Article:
Although I understand the logic behind the post and its arguments, I think that juvenile criminal records should be accounted for when conducting searches. Parental presence during searches must be mandatory for first-time offenders or suspects since these adolescents or children are the direct responsibility of the parents. In other words, the search of a child or teenager is conducted on someone with no ability to consent, self-protect, and legally held viable as a separate individual with no need for a guardian. If a substance or item is spotted by a law enforcement officer and immediate danger is present, this should be the only circumstance when the source of danger must be nullified. However, searches can be conducted without a presence of direct threat, in which case suspects and first-time offenders must be given parental presence since the parent is responsible for the juvenile. Therefore, I agree that a guardian must be ensured during the searches. For recidivist juveniles, some groups tend to be more prone to recommit certain crimes than others because juvenile offenders can be divided into several clusters (Mulder et al., 2019). For example, it is stated that a high recidivism rate among juveniles includes the ones with antisocial identities, frequent offenders, and adolescents from problematic backgrounds (Mulder et al., 2019). However, teenagers with sexual problems, sex offenders, and weak social identities tend to have lower recidivism rates (Mulder et al., 2019). Therefore, based on the evidence, the former group with a high recidivism rate should not be granted guardians and parental presence during searches since their re-offense rate is around 80-90% (Mulder et al., 2019). Law enforcement officers should track the type of offense committed in the past and the cluster of juvenile criminal categories.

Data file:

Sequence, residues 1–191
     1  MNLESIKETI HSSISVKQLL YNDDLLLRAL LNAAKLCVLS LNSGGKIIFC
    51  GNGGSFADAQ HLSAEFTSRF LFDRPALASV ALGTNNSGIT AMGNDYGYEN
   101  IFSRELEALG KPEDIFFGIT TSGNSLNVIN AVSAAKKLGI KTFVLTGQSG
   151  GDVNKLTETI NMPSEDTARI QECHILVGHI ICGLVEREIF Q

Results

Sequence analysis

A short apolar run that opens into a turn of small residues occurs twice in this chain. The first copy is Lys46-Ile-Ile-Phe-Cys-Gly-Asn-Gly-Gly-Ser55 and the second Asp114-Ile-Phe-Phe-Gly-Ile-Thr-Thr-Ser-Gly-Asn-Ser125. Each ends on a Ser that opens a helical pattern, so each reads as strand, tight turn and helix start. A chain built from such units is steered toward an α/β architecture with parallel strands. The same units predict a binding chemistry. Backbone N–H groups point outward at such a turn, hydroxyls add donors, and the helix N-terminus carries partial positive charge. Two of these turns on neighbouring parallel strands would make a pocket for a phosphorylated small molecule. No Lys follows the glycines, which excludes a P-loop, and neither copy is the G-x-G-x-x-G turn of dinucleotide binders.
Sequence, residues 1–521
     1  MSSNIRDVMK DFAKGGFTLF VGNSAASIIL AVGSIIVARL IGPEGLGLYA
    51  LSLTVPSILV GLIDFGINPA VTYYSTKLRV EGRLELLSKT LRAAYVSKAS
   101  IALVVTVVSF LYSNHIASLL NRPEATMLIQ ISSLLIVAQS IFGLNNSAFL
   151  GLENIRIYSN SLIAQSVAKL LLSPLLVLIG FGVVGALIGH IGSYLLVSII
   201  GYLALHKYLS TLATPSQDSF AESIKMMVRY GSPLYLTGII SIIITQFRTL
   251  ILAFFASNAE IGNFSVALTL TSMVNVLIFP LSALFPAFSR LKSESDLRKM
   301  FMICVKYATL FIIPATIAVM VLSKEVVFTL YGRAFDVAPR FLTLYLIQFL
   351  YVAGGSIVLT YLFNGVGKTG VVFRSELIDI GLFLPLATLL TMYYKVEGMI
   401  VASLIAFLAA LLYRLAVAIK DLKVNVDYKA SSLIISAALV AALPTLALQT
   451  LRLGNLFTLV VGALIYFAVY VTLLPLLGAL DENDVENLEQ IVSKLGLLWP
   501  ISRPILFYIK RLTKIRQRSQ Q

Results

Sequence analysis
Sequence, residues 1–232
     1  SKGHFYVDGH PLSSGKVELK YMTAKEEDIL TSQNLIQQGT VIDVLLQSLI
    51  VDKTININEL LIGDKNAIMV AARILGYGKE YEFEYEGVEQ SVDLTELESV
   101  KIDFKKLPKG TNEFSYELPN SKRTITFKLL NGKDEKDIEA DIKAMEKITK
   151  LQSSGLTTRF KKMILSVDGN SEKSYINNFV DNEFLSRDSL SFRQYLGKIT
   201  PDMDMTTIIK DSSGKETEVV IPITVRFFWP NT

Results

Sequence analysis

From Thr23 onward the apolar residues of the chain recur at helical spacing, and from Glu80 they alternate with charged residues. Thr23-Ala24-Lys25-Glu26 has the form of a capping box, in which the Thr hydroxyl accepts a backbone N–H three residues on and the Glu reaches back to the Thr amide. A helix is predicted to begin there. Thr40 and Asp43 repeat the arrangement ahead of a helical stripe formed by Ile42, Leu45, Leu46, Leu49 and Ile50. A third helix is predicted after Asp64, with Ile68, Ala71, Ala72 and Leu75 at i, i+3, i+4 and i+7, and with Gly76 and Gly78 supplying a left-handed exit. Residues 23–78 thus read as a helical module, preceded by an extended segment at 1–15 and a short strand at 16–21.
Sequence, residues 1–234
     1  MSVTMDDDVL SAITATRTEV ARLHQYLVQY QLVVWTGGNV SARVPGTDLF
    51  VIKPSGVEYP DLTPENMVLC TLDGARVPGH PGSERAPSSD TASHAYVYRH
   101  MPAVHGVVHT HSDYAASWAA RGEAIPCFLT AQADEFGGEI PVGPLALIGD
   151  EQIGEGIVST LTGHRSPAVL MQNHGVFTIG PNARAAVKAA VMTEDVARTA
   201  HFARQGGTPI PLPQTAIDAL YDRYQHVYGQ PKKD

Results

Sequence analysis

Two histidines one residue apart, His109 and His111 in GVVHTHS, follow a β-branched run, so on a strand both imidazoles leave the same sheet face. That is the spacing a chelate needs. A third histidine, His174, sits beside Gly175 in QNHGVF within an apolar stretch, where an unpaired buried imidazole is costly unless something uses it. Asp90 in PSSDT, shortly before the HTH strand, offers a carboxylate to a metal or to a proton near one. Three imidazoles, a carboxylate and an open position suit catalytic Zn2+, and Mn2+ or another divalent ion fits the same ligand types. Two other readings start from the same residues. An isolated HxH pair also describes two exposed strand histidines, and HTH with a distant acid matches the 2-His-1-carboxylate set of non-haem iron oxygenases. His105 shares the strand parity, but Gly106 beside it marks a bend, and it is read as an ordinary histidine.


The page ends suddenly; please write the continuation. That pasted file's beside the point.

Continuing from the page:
Mulder, E., Brand, E., Bullens, R., & van Marle, H. (2019). Toward a classification of juvenile offenders: Subgroups of serious juvenile offenders and severity of recidivism. International Journal of Offender Therapy and Comparative Criminology, 63(6), 819–836.